Magazine

It's Time for Richard Parsons' Medicine


Richard D. Parsons

CEO, AOL Time Warner Inc.

75 Rockefeller Center

New York, NY, 10019

Dear Dick,

First things first: Nobody has a tougher job in Corporate America, let alone in the struggling media industry, than you do. Having to announce an all-time record loss of $99 billion for last year is nobody's idea of a good time, nor can it have been easy to divulge the new problems in the cable unit related to how ad revenues have been booked. On top of that, you still face the overhang of federal investigations into accounting at your America Online Inc. (AOL) unit, not to mention broader questions about whether it has a future. And behind all of that, there's the debt--expected to hit $28 billion this year, which is strangling your chances for future growth. Given the pile-up of problems, it's hardly surprising that your share price has languished below $15 for months. Let me commend you for showing a cool exterior in this firestorm.

Trouble is, it's going to take a lot more than keeping up appearances to get out of this jam. And sorry, Dick, but telling investors they need to be patient because 2003 will be a "reset" year isn't going to cut it. To be blunt, you have to decide--very soon--where you think AOL Time Warner's future lies. It's O.K. to be a broad-based media-and-entertainment company, but you're in too many unrelated businesses that don't add anything to each other. And the sheer size of your conglomerate is dragging you down. Investors need to know what businesses you plan to build your future around--and which you want to dump.

Frankly, Dick, I don't envy you. You clearly need to fix America Online. More on that later. But first, to get a handle on that monstrous debt, you've got to make some extremely tough choices. You've said you want to lower your debt to $20 billion by 2004. To get there, you'll need to use virtually all of your free cash flow--some $3 billion in 2003--to pay down debt. Then, if you pull off a successful initial public offering of your cable business (a big if), you could wipe out $4 billion more. That's a good start, but you'll need to do much more. Ultimately, it would be ideal to get your debt down to under $15 billion to ensure a good credit rating and lure back investors.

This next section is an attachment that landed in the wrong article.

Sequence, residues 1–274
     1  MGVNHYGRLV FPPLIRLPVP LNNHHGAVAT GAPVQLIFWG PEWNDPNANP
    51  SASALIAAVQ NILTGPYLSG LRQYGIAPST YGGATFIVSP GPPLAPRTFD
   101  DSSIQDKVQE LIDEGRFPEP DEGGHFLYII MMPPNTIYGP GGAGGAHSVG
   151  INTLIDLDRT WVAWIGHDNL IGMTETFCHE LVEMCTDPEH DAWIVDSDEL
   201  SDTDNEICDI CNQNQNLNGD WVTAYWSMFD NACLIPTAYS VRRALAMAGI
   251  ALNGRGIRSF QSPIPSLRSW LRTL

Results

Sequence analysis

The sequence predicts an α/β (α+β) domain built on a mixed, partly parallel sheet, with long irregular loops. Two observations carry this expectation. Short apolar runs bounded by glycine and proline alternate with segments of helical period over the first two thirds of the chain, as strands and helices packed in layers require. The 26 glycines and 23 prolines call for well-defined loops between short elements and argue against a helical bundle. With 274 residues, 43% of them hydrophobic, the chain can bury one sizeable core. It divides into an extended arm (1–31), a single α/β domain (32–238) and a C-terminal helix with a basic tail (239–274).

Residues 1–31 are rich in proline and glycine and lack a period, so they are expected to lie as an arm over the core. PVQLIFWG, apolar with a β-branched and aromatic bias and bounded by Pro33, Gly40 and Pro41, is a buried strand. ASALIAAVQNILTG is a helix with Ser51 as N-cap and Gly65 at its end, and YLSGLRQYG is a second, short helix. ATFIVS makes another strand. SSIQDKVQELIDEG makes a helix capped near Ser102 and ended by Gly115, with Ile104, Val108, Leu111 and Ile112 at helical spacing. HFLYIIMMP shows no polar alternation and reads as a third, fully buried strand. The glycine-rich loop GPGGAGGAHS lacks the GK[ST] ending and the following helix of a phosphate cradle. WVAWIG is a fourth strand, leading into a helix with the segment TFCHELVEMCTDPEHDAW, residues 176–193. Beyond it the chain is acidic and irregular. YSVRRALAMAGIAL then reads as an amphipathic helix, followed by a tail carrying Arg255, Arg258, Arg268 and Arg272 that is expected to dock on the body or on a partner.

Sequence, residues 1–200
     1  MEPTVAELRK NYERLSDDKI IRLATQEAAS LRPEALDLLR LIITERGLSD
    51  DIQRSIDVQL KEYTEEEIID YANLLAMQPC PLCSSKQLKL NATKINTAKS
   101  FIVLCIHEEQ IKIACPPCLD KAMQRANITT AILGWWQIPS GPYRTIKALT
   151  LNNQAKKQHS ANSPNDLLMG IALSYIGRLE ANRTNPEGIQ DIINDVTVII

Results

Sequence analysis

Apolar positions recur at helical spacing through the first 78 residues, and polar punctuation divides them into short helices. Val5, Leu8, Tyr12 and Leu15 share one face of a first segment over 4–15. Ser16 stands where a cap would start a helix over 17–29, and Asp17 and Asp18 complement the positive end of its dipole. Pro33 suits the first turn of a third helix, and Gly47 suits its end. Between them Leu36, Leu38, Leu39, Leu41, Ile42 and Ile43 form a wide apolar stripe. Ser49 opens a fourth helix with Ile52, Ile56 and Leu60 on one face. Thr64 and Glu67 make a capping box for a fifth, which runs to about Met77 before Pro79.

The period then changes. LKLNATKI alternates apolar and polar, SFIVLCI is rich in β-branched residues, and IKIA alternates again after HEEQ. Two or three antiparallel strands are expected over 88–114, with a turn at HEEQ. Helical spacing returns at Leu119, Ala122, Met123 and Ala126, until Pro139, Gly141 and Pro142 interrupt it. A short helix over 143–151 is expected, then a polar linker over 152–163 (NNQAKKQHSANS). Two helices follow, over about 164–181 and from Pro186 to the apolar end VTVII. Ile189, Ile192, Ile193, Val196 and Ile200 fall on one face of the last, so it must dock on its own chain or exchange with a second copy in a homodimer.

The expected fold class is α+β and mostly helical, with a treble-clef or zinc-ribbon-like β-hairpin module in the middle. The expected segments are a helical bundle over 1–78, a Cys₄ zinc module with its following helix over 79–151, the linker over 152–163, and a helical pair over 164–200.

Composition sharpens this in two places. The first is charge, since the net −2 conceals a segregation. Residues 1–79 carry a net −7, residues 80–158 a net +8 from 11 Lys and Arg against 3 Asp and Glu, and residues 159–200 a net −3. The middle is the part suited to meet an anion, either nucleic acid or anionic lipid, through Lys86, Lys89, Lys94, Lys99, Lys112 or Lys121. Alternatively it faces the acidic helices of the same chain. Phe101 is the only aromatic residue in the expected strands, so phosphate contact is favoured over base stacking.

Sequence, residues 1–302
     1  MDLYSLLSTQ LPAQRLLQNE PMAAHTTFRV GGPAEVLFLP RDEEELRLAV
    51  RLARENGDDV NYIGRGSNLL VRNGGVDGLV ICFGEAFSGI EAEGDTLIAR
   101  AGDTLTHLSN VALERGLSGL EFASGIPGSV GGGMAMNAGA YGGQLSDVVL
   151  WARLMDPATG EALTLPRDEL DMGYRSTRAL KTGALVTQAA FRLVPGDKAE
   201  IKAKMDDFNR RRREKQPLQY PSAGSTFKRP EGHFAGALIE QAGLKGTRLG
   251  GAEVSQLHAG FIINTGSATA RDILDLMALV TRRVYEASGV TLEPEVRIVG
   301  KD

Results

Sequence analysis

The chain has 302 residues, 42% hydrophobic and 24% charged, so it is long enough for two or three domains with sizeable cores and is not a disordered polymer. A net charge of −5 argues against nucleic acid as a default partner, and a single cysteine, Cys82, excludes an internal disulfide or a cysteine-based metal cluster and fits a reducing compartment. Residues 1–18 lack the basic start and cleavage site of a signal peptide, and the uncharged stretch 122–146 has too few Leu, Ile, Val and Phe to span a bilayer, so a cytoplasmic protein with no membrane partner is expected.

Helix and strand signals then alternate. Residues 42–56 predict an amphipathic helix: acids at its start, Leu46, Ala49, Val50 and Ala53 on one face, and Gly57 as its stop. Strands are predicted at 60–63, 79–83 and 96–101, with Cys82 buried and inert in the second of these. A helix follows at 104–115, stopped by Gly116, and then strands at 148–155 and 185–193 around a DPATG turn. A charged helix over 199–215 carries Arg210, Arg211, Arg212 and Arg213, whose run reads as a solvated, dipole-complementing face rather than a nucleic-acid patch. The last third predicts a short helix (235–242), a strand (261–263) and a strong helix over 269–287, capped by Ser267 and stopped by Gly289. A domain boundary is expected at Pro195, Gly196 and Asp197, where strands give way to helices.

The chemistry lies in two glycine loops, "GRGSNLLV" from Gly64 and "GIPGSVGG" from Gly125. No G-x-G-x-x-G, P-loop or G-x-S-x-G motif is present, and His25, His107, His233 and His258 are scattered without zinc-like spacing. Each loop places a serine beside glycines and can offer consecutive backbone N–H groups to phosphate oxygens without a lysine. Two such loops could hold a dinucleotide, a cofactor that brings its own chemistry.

That's why, painful as it sounds, you're going to have to say goodbye to some top-notch businesses. There's no other way around that ticking debt bomb. It's good news that you're considering selling your sports teams, half-interests in cable channels Court TV and Comedy Central, and AOL's book-publishing arm. That should bring in around $3 billion, though it may take time to find buyers in this market. Now, you're down to $18 billion--better, but still not enough.

I know it sounds crazy, but you should sell New Line Cinema--the movie studio that has reaped huge box-office returns in the past two years from the Lord of the Rings and Austin Powers franchises. Selling New Line while it's red hot could possibly get you $5 billion. Bingo: $13 billion in debt. True, you'd be giving up one of your most prestigious assets, not to mention some $400 million in cash flow. But look at it this way: You'd still have a larger movie studio--Warner Bros. Inc., with roughly $800 million in cash flow.

That makes selling New Line the best of a bad set of choices--better than selling magazines or music, for example. Sure, one's in a recession and the other is struggling with the brave new world of digital downloads. But that's no reason to bail. Your world-class magazine group is the core of your company's identity. You have venerable titles. Plus, you've done some innovative launches. So ride out the ad recession and hang on to the glossies.

The other keeper is music. Even though the prognosis for the piracy-paralyzed music industry is dour right now, Warner Music Group, which includes Atlantic Records and Elektra Records, has posted revenue and cash-flow gains for four straight quarters. And these established labels should thrive once the industry hits on a viable online business model.

Now, let's talk about that sorest of subjects: America Online. Wouldn't it be great to just sell the darn thing? But with nearly $10 billion in debt and a shrinking subscriber base, it might be all but impossible to find a buyer. If you have to hang on to it, why not fold it into your soon-to-be-public cable company and milk its cash flow until the dial-up biz fizzles away in broadband's wake? Sure, it might be harder to sell cable to the public, but investors could come around when you remind them of how much operating profit America Online still churns out--$1.8 billion in 2002.

None of this is easy to stomach, I know--especially since everyone and his mother has an opinion about what you should do. Some of those experts are counseling you not to rush. Don't listen to them. The time for hard choices is long overdue. Get that debt down as fast as you can. It's the only way you'll have a chance of reenergizing your empire.

Sincerely yours,

Tom Lowry Lowry covers media.


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